In a rabble-rousing speech at GDC Online, veteran MMO developer and current Playdom VP of creative design Raph Koster commanded the developers in the audience to take control of social media -- not let it take control of them.
Koster framed his speech, in large part, as a fairytale. He compared the world of games to a magic circle where powerful wizards set the rules.
"We like living here because we're wizards! It's pretty hard for stuff to get in and out of this magic circle," said Koster.
In the circle, everything is made of math, follows rules, is creative, and highly manipulable -- and, as it turns out, highly profitable as well. Since the magic circle is comfortable for those of us who don't know how to work well in the real world, this is a problem: money attracts "geographers," he said.
"Nowadays the wild world is coming right up to the edge of the circle and the circle is looking a little faded here. Stuff is flowing in, stuff is flowing out," said Koster. "And honestly we get really freaked out in here by the stuff that's leaking in."
"But a in a lot of ways we should be worried about the math that's leaking out," he said.
Early MMOs like Ultima Online, which Koster worked on, lacked robust social functionality. In some cases (ICQ messaging used as direct chat) users worked around it; in other cases (guilds, which Koster himself coded due to demand) the users forced the teams to accommodate their needs in-game.
"If we don't provide these facilities, players will pressure us to provide them," said Koster -- even if they "erode the gameness of the game."
"All of this ended up helping us build these big social structures," he said. "Social structures in games, once they click, they leave the bubble. In fact, that's part of the point." Forums, chat, communities -- all outside the games. But they have gone even further.
What form has this type of social interaction ultimately taken? Facebook, primarily, he suggested.
Game developers tried to keep absolute control of game worlds; only "some crazy people from Iceland even tried" to let the world into the game -- referring here, of course, to EVE Online and its player government, the Council for Stellar Management.
"Today, you can take stock of how many of the core premises of virtual community design have been taken from games and moved onto the websites that you're probably obsessively checking four times a day. It's all of it," said Koster.
Games simplified and quantified the real world, made it follow simple rules. "I love Will," said Koster. "But when he attempted to reduce all of human experience" by building The Sims, "he reduced it to eight bars, one of which was needing to pee."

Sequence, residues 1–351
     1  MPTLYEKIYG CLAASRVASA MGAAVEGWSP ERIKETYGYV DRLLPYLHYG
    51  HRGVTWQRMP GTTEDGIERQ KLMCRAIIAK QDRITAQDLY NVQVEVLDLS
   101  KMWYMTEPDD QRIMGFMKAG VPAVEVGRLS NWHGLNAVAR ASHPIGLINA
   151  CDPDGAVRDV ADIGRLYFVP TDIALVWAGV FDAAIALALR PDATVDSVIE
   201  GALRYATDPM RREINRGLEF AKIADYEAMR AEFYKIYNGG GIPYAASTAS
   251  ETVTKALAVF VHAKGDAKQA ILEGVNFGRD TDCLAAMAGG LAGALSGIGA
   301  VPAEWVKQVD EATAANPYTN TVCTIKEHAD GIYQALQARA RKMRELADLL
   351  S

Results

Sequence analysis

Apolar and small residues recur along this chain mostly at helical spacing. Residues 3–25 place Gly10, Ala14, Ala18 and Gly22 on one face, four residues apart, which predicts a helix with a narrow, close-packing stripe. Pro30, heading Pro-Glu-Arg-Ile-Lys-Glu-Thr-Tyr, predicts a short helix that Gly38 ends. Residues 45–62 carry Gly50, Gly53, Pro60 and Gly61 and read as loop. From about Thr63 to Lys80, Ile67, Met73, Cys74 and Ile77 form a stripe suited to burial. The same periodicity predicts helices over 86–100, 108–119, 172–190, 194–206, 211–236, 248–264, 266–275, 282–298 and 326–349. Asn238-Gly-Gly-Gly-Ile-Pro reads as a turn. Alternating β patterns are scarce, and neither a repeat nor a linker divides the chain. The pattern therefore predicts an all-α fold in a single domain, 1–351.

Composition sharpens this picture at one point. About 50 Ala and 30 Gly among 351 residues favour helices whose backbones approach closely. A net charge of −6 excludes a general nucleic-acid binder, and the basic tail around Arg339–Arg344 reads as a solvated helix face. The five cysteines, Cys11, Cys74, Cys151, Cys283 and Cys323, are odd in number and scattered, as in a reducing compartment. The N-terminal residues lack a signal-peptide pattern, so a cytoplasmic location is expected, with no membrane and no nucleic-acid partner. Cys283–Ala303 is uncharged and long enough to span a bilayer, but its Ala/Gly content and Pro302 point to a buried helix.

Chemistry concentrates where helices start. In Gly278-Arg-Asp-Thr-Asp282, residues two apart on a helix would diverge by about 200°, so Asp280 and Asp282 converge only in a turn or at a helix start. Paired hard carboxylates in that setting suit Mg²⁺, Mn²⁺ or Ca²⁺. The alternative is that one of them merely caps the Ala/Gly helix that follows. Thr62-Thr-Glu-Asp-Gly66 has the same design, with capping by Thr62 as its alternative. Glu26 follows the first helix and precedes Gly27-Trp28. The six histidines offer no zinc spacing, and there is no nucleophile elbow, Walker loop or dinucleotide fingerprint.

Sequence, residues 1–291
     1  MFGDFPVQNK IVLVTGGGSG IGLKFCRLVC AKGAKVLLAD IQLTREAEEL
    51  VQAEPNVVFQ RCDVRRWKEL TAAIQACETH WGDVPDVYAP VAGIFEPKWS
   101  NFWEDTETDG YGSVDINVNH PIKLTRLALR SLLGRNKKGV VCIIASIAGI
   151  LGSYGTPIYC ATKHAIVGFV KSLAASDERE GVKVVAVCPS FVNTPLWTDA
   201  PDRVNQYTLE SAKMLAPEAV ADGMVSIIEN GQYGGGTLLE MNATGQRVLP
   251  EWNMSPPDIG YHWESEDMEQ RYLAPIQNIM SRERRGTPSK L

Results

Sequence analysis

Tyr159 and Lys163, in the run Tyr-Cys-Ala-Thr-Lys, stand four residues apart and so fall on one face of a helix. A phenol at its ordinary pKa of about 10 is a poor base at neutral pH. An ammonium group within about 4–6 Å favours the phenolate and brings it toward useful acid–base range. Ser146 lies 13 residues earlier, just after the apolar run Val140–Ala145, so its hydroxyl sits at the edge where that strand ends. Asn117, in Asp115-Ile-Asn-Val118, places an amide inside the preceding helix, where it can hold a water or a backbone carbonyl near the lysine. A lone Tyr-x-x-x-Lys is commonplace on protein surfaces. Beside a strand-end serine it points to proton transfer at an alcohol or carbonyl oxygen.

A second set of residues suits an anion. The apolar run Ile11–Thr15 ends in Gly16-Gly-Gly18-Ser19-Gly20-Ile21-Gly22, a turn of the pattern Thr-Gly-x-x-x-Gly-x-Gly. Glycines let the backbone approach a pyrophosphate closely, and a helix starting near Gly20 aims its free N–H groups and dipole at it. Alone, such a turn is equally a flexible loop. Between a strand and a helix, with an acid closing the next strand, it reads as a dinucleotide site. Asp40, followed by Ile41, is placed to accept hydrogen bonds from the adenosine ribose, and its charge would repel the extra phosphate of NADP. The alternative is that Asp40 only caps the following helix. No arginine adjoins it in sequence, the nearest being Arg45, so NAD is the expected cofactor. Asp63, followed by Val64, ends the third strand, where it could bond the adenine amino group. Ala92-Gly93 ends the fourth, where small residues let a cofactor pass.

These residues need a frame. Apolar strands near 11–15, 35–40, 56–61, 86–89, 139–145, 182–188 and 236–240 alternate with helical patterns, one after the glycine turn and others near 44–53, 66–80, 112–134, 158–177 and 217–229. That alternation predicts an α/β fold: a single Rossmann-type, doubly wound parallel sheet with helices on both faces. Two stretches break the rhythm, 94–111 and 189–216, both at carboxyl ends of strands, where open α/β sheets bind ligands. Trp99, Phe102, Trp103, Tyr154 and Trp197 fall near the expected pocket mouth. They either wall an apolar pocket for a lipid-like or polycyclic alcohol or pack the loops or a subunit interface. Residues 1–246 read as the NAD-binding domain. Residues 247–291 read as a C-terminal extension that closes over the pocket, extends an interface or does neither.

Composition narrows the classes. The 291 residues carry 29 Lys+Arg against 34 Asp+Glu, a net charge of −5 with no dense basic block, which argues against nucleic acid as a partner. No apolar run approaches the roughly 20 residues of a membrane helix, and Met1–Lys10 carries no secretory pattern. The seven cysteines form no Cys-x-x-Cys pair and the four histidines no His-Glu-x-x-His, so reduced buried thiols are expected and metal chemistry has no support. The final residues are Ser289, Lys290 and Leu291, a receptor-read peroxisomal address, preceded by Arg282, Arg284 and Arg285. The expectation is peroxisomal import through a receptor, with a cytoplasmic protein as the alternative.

And now these game concepts -- achievements and rules -- have taken the form of gamification. A simplified view of the world has been imposed on the real world, thanks to games.
"The keys to our kingdom had been handed over to the wild world. The wild world has become more like a game in virtually every way," said Koster.
But these implementations are far too simplistic. Games, as we all know, are not just about points and badges.
And while "Design is about constraining people," said Koster, games are not just systems of control. "Games are interesting, because they're only partly in control -- because they're about teaching you how to think."
"Good art does that. Bad art lies to you," Koster said. "When you start going pretty far down the route of accessibility, it's pretty easy to slip in this mode."
He pointed out that by using a points-based weight tracking app, he's lost 40 pounds. But a badly designed app could be "a straight road to anorexia, if your incentives are wrong."
Koster pointed out that he got into designing games because he wanted to set foot into "a world with two moons... I wanted to have magical experiences and form real bonds with people."
But by his estimation, today Facebook does groups better, points better, profiles better, roles better, has more user-generated content, and puts people in touch with their friends more effectively than games or virtual worlds have.
And, oh yeah -- "the world with two moons has bad funnel conversion, so we cut it."
So where does hope live?
"You're still a wizard," Koster told the audience. "Games are social media. From their inceptions, they have been tools for the transmission of wisdom. They're how we talk to each other, in forms of play. We shouldn't forget that regardless of how much all of this changes, we still have the power to shape this. We are the ones who set the rules that the world is copying."
If the world is becoming more game-like, there is "no better group people on the planet to navigate and shape that than you in this room," said Koster.
"It's more than just points. We did it because it was fun. We did it because we hung out with other people, and got to know them; they challenged us, and we challenged them. That's why we did the games. Let's watch out not to let the pointsification and rulesification, quantification, and reductionism that we have always loved about what we do -- let's not let that change who we are."